Yoga and Nutrition: Tips & Articles
Relax Your Way to a Healthy Weight
by Annie Kay MS RD RYT
Author, Dietitian and Yoga Therapist
I just don’t recognize myself anymore,” said Barbara during our first meeting. “I can’t see myself inside my physical body, but I don’t recognize who I’ve become either. I used to be more fun and liked myself better. Food is my solace, and it shows.”
Millions of Americans feel just like Barbara.
We’ve all heard about the obesity epidemic, wherein nearly two-thirds of Americans are overweight, and one-third of us are clinically obese. All our extra weight is not just a cosmetic inconvenience, but increases our risk for diabetes, heart disease, arthritis, some cancers, and even early death.
What’s going on? Just look around. Our modern environment, filled with junk foods and empty calories, pushes us toward weight gain. At the same time we are inundated with media messages that suggest we are doomed if we aren’t model thin. Living in our American culture and maintaining a healthy weight can seem mutually exclusive.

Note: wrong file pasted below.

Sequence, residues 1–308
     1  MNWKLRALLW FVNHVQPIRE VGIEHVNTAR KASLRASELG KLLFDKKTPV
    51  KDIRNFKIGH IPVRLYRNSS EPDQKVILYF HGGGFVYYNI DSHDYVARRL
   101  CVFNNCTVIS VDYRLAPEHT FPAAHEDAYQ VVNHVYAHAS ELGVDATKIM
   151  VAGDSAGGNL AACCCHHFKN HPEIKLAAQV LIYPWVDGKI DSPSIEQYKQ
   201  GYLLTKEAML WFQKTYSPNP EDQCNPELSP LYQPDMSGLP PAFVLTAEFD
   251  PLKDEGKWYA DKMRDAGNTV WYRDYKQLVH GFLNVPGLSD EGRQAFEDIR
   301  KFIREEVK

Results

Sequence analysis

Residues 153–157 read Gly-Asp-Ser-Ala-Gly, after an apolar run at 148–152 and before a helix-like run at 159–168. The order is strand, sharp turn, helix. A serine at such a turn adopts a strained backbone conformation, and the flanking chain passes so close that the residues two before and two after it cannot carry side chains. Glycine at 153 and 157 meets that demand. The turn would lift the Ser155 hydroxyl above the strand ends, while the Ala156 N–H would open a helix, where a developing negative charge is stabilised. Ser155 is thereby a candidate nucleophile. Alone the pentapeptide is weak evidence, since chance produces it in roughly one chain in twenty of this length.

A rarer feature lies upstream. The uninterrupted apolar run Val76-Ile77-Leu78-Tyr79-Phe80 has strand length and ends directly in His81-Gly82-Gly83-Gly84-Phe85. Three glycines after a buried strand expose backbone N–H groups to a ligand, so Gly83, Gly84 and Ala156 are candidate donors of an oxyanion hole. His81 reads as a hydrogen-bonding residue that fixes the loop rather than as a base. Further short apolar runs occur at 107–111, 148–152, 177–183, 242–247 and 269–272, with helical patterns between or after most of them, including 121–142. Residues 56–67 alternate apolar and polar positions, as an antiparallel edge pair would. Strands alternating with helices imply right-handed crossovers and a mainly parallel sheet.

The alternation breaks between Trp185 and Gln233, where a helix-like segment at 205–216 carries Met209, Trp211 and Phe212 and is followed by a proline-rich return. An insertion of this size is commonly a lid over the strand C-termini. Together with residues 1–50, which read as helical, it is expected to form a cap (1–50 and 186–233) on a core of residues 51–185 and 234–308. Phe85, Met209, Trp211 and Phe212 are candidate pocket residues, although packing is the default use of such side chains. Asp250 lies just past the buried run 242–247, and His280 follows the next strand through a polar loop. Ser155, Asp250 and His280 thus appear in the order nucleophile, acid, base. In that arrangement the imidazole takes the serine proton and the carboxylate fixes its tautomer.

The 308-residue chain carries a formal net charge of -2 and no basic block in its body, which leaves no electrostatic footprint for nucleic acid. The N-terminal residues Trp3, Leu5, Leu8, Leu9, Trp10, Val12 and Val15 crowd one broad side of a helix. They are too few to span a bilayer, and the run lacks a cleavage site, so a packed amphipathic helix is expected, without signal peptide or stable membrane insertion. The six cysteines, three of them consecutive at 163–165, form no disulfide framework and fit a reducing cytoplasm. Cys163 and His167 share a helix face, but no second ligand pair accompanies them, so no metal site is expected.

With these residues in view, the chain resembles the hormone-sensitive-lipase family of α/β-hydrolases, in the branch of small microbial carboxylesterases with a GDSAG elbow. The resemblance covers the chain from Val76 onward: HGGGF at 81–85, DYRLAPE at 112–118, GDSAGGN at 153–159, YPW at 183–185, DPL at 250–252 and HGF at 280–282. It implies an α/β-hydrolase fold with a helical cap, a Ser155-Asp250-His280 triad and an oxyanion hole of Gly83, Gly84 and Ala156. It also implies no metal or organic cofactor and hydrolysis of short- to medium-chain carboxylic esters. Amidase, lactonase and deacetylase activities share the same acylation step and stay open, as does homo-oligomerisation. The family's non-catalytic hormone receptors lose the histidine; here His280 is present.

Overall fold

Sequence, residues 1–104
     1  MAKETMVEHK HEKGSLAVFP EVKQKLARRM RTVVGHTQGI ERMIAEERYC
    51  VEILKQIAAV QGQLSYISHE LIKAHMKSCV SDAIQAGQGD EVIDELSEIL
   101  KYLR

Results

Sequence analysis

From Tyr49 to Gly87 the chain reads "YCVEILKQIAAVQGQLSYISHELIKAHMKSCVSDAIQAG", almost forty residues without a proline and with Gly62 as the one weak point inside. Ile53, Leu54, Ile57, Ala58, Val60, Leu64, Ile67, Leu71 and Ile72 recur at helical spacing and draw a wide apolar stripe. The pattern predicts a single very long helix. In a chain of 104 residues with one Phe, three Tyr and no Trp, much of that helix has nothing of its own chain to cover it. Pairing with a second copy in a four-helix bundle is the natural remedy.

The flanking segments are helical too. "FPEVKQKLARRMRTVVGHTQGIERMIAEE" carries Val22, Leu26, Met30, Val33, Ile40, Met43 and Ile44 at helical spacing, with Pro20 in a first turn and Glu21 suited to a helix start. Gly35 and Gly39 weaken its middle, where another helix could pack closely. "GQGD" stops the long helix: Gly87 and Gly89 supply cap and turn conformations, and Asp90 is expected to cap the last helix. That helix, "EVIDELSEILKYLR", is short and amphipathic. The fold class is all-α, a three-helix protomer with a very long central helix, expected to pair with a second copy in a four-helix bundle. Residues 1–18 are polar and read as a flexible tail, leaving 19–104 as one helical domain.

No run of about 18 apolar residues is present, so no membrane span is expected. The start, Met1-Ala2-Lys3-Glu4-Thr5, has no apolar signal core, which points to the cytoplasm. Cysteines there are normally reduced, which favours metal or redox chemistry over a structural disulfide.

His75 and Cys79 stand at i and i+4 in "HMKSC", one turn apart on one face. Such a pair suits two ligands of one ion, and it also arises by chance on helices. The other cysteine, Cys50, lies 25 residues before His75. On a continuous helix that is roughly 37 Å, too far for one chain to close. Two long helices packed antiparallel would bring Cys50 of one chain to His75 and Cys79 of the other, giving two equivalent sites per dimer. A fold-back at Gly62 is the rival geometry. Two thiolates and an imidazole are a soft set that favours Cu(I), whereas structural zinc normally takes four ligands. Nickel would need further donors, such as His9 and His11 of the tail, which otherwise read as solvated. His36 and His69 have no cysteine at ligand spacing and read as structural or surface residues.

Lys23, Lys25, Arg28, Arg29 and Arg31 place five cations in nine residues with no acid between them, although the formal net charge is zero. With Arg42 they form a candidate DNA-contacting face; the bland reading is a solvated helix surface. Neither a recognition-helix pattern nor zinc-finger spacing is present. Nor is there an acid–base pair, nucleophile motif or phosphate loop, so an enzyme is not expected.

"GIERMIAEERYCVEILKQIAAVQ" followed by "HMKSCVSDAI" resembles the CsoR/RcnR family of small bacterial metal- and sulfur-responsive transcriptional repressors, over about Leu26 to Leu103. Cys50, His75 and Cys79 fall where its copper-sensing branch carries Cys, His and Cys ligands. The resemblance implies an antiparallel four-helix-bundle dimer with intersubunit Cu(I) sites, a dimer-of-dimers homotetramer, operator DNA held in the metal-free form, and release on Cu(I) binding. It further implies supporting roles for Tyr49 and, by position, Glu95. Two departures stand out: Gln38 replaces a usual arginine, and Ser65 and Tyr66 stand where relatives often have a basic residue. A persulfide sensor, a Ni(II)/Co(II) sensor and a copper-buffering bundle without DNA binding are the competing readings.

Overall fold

A growing body of science tells us it doesn’t have to be that way.
Did you ever think that simply relaxing in meditation or having a gentle yoga practice could help you find peace in the war on weight? Scientists and yoga practitioners are finding it so. Yoga is multi-tasker. It provides stress management, moderate physical activity, and its philosophical framework gives us a much-needed guide to a moderate lifestyle.
Yoga originated in India, and can be traced as far back as 5,000 BC. The word yoga comes from the Sankrit (an ancient language) root word “yuj”, which means to bind, join, and concentrate one’s attention. It also means unions or communion.
While yoga in America today is often only thought of as the physical practice (asana in Sanskrit), the full practice of yoga encompasses all aspects of your life including your mental attitude, lifestyle choices, how you spend your time and energy, and philosophical study and ritual. The essence of asana practice is simultaneous conscious physical movement, attunement to breath, and observation of sensation. So, your mind and body re-learn how to work together.